Masses of excited film-goers flooded the cinemas to watch a carefully curated collection of films from all over Africa at the second edition of the Nairobi Film Festival. The 2018 festival ran from 27 March to 1 April and was a rousing success, with tickets selling out well before the show dates.
Created by film producer Mbithi Masya and Sheba Hirst, the festival, which mainly intended to re-ignite the film culture in Kenya and highlight various locally produced films, evidently also shone the spotlight on amazing filmmakers from other parts of the continent.
The feature films on offer included these must-sees:
The clear festival favourite is a Kenyan-produced film, directed by the renowned Likarion Wainaina. The movie tells the tale of a young girl whose dream of becoming a superhero is threatened by terminal illness.
In an interview with Variety, Philipp Hoffmann, of the distribution company Rushlake Media, said, “It’s all at once a film with a strong female lead, a superhero film, a comedy about grief and dying, and a film about community and people coming together.” An interesting take on sci-fi, the lead, Stycie Waweru, wows in the movie.
I Am Not A Witch
In a film that has received mixed reviews, and directed by Zambian-born Welsh director Rungano Nyoni, this is the story of the life of a girl named Shula. After she turns up at a rural homestead unannounced, the 9-year-old Shula is subjected to a witch trial and sent to a witch camp, catering to the wild requests of the camp director and tourists. The director’s approach to the mystery surrounding witches is comical and spellbinding.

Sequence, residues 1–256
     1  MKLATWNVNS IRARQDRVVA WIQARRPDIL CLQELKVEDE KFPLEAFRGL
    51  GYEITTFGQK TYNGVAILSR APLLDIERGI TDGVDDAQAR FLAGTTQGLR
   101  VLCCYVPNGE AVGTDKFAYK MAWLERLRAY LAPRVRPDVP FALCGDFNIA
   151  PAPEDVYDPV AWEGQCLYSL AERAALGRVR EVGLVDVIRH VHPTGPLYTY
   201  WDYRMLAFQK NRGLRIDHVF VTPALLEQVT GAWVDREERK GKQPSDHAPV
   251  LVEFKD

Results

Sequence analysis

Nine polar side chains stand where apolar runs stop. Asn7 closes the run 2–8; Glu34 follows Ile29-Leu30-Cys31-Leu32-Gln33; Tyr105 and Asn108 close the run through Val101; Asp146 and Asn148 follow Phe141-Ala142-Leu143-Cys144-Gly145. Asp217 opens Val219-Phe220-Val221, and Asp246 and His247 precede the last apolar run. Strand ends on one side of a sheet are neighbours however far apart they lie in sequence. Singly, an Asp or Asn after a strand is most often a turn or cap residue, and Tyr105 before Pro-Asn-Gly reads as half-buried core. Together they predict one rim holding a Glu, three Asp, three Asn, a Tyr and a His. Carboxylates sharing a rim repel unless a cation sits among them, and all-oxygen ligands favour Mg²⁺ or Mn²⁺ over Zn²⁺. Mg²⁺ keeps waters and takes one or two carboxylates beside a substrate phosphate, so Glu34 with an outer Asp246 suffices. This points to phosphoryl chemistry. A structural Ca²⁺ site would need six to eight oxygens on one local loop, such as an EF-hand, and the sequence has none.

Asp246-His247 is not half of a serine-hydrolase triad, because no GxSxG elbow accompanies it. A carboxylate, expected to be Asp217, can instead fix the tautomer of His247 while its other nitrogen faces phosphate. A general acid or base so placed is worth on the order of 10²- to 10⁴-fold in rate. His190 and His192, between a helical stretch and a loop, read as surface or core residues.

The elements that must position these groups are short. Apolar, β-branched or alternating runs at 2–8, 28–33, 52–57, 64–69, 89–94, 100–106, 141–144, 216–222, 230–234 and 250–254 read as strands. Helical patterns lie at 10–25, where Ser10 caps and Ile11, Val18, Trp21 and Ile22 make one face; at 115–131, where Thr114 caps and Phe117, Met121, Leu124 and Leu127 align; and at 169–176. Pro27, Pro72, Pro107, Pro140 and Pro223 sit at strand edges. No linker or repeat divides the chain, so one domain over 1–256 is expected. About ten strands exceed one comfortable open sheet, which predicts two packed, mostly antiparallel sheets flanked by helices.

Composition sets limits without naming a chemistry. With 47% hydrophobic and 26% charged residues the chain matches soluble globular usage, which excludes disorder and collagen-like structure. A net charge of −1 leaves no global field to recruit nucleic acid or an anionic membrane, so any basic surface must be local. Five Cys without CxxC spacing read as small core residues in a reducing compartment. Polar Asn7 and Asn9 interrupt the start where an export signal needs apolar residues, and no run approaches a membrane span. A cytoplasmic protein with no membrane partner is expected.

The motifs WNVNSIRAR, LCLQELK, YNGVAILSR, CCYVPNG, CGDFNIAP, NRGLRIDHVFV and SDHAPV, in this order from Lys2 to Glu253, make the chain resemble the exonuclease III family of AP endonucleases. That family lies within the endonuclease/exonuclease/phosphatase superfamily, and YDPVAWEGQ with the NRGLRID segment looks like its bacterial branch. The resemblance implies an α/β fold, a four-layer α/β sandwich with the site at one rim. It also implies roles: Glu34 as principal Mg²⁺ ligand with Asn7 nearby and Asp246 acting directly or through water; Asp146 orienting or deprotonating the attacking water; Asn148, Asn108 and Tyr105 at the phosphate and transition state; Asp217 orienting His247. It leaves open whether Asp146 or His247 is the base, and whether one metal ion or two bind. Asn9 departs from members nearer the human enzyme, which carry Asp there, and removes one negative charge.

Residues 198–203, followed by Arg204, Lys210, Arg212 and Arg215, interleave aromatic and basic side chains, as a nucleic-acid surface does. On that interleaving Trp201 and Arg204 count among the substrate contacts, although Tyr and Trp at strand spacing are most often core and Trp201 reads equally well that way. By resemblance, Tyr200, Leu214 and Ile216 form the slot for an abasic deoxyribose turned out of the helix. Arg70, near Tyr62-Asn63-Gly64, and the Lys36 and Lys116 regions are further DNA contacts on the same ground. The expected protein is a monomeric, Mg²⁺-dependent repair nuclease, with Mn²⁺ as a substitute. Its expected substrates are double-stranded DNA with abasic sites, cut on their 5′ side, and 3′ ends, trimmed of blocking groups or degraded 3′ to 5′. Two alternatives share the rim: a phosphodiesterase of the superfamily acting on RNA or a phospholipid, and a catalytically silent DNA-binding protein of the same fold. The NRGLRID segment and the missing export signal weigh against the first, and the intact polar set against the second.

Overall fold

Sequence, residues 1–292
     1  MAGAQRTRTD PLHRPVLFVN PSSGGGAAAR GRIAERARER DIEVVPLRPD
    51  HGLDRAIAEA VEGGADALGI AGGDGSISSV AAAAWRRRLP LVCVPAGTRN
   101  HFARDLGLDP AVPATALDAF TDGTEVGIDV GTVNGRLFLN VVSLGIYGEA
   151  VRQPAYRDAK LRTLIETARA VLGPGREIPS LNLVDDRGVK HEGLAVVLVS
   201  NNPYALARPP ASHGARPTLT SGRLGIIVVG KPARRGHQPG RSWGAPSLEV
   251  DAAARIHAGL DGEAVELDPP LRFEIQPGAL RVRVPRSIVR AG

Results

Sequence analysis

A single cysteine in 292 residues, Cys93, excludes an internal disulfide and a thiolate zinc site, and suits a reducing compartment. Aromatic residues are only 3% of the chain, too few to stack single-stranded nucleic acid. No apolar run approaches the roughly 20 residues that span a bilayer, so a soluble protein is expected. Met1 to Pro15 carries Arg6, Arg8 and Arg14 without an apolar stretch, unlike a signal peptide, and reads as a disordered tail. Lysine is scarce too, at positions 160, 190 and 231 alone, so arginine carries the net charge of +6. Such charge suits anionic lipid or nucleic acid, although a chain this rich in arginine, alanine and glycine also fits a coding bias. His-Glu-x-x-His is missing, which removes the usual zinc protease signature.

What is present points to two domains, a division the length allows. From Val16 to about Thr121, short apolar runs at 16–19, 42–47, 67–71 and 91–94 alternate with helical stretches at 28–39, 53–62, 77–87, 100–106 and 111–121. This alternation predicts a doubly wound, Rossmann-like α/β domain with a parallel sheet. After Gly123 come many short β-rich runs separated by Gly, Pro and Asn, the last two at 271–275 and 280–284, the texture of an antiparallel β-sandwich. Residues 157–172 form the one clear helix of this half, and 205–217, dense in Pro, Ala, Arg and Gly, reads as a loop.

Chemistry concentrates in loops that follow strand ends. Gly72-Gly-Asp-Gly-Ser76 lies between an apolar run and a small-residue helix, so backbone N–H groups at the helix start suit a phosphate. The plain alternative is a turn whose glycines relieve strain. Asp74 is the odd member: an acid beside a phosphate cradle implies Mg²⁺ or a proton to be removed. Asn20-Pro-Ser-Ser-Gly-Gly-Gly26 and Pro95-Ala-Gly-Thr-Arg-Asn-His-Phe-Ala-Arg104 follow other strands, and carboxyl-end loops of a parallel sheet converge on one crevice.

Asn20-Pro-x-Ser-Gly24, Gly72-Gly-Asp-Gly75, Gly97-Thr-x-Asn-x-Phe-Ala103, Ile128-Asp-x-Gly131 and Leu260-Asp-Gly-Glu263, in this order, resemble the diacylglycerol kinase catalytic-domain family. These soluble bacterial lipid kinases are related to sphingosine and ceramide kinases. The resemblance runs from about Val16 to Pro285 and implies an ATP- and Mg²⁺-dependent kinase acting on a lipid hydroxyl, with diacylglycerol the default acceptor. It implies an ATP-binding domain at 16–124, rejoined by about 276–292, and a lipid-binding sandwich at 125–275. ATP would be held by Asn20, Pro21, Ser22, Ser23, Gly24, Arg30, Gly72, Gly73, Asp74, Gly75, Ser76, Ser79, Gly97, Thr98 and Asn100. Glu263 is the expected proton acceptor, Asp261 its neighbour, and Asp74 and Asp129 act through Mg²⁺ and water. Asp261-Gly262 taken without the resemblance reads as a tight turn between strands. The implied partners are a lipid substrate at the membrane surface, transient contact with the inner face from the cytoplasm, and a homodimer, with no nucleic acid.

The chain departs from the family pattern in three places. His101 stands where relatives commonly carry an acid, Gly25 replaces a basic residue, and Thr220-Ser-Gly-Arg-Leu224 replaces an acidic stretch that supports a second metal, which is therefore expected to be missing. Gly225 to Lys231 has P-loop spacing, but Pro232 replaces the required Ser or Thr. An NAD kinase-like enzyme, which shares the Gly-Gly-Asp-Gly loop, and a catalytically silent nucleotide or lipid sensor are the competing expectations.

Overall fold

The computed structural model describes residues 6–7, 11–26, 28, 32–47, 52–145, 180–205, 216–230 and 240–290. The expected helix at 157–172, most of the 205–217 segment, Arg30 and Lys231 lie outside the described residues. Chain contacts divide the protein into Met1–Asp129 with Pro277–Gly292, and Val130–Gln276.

From the brains behind the film Nairobi Half Life comes a romantic comedy. This movie about the complexities of dating is a raw yet entertaining take on the difficulties of the single life in Nairobi. Its cast is star-studded, with the likes of Nick Mutuma, Brenda Wairimu, Catherine Kamau, Pascal Tokodi, Bridgette Shigadi, Pierre Makena and Patricia Kihoro.
Watch the trailer on YouTube HERE
A Swazi girl embarks on a dangerous quest to rescue her young twin brothers. This animated African tale, which won best documentary at the 2017 LA Film Festival, is born in the imaginations of five orphaned children in Swaziland. They collaborate to tell a story of perseverance drawn from their darkest memories and brightest dreams. Their fictional character’s journey is interwoven with poetic and observational documentary scenes to create a genre-defying celebration of collective storytelling.